• (6) Hebrew "ç" (צ) is often represented in Aramaic by', and in Arabic by "ḍ"; e.g., Hebrew "'ereç," Aramaic "'ar'a," Arabic "'arḍ." For fuller illustration of consonantal equivalence compare the literature cited below.

It is characteristic of all the Semitic languages that the peculiarities of the gutturals, the weakness of "w" and "y," and the tendency of a vowelless "n" to assimilate with the following letter, create "weak" or irregular verbs and cause anomalous noun-forms.

It is probable that in primitive Semitic, as in classical Arabic, there were but three vowels, "a," "i," and "u," of each of which there were a long and a short variety. Perhaps there was also the volatilized vowel "shewa" (e). In Assyrian an "e" was developed; and in the other dialects in which the vowels can be determined both an "e" and all "o" were developed. "W" and "y" in combination with "a" resulted in the diphthongs "au" and "ai."

The Verb.

The two Semitic verb-states mentioned above are the perfect and the imperfect. The former expresses a completed action; the latter, an uncompleted action. The perfect is formed in all the languages by affixing to the verb-stem certain particles which were once pronouns or fragments of pronouns. The third person singular masculine is an exception to this, as it is the verb-stem alone. The imperfect is formed by prefixing particles, likewise of pronominal origin, to the stem, and, in some forms, by adding affixes also. The stems are vocalized differently in the different languages.

The South-Semitic languages are characterized by a fuller and more symmetrical development of the verb-forms than are the North-Semitic, by a more complete system of characters for the expression of sounds, by the fact that they often make the plural of nouns by means of internal changes (as "waḥshun"="a beast," "wuḥūshun"="beasts"), and by many minor differences.

South-Semitic Languages. Arabic.

The Arabic language with its various dialects is used to-day by a much greater number of people than is any other Semitic tongue. This preeminence it owes to the influence of Islam. Although its literary monuments are much younger than those of several of the other Semitic languages, scholars recognize in the classical Arabic (of which the Koran is the chief example) the dialect which has retained most fully the forms of the primitive Semitic speech. These were preserved in Arabic owing to the isolated position of the Arabian people. Living in the desert fastnesses of central Arabia, they were not subjected to the disintegrating influences of foreign contact. In both verb-and noun-forms, accordingly, classical Arabic is much richer than the other Semitic languages. The development of its verb may be comprehended by a glance at the verb-stems. They are as follows:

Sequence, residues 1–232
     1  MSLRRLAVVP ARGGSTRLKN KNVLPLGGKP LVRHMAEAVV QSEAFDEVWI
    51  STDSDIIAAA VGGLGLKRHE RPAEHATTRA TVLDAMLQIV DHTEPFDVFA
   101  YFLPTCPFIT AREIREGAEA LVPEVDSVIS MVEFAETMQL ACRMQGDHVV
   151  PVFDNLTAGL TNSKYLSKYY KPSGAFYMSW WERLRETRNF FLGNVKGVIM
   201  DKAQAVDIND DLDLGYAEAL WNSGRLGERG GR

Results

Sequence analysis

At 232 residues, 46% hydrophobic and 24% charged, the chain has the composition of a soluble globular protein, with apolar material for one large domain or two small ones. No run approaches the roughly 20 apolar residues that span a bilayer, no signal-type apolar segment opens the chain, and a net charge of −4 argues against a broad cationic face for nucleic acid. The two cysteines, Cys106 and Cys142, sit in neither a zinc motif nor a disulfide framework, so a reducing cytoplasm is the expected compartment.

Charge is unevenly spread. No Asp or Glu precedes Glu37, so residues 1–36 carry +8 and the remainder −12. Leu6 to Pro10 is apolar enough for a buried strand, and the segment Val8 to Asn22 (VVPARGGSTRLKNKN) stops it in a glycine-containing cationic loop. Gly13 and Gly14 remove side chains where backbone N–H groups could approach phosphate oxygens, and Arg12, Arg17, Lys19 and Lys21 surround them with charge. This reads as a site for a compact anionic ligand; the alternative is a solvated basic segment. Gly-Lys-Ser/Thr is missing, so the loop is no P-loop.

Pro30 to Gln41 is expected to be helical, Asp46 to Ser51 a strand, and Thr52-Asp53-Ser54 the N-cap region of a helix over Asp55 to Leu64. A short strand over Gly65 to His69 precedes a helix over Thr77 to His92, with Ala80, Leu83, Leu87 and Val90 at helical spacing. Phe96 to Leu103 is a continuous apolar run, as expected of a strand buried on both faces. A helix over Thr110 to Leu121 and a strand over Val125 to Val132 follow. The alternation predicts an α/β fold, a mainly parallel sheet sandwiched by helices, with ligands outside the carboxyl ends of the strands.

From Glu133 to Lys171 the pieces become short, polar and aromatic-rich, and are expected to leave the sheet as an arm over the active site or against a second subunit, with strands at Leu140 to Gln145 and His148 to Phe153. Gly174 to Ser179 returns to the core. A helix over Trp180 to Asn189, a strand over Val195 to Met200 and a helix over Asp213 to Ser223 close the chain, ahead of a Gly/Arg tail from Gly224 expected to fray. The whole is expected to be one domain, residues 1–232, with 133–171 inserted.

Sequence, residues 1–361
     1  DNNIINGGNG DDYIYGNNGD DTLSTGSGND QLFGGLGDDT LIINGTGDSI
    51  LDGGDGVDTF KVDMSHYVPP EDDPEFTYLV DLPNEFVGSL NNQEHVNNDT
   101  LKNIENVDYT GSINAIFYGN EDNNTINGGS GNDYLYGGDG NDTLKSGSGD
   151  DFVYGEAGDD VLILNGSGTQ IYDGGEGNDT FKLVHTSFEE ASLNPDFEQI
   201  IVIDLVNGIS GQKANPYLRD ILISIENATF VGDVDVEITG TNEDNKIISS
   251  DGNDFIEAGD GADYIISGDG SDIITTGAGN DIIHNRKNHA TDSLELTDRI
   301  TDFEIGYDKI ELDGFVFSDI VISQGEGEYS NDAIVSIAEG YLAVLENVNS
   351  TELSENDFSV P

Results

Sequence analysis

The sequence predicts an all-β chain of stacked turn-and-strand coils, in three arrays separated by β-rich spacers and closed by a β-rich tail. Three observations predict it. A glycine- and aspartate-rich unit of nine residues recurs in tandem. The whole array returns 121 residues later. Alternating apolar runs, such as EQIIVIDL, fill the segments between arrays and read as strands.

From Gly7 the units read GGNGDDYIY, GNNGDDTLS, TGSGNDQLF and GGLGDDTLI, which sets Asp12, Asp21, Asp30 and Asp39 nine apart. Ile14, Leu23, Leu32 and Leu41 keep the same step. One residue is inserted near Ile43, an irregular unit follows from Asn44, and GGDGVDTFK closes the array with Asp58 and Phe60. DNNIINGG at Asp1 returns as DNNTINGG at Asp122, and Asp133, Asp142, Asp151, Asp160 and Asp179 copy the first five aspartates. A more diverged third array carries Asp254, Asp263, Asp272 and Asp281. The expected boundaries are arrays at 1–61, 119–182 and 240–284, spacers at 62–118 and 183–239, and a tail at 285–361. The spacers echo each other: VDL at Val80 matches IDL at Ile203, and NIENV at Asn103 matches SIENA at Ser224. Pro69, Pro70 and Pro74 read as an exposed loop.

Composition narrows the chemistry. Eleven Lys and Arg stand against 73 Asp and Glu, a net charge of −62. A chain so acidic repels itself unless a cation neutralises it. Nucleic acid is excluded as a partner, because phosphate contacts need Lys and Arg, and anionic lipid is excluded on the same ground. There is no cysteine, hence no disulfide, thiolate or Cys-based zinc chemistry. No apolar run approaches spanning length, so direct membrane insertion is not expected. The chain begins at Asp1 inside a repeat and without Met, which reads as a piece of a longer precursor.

I.II.III.IV.V.VI.
ḳatalaḳattalaḳātala'aḳtalataḳattalataḳātala
VII.VIII.IX.X.XI.XII.
inḳatalaiḳtatalaiḳtallaistaḳtalaiḳtāllaiḳtautala
XIII.XIV.XV.
iḳtawwalaiḳtanlalaiḳtanla(y).

Of these forms, I. denotes the simple action; II., the intensive of I.; III., an attempted or indirect action; IV., a causative action; V. is reflexive of II.; VI. is reflexive or reciprocal of III.; VII. and VIII. are reflexive or passive of I.; IX. and XI. areused to denote inherent qualities or bodily defects; X. is a reflexive of IV.; and XII.-XV., while rare and obscure, seem to indicate the doing of a deed, or the possession of a quality, in intensity. All the forms except IX. and XI.-XV. possess a passive as well as an active voice, whence it will be seen that the characteristic of the Semitic verb in contrast with the Aryan has here its fullest expression. In the imperfect of the verb, also, Arabic is more fully developed than the other languages, having the following modes in both the active and the passive voices:

  • Indicative.
  • Subjunctive.
  • Jussive.
  • First Energic.
  • Second Energic.

Moreover, in the richness of its development of infinitives or verbal nouns Arabic far surpasses the other Semitic tongues. This is not easily illustrated in a short article; but it has led grammarians to make the Arabic forms the standard by which to measure and explain all Semitic nouns. In the modern dialects of Arabic many of the refinements of form and syntax are neglected, and much phonetic decay is apparent.

Minæan and Sabean.

The grammatical development of the South-Arabic dialects seems to be less complete. In the older dialects, as known from the inscriptions (which are written in a distinctive South-Arabic alphabet), the verb-stems corresponding to the Arabic I., II., III., V., VI., VII., VIII., and X. are found. Instead of the Arabic IV. ('af'al), in Minæan the original "sh" of the Semitic causative is preserved in a saf'el (as "saḳnaḳa"), and in Sabean it is only thinned to a hif'il (as "haḥdatha"). In the modern dialects (Mehri and Socotri) considerable decay is noticeable.

Abyssinian Dialects.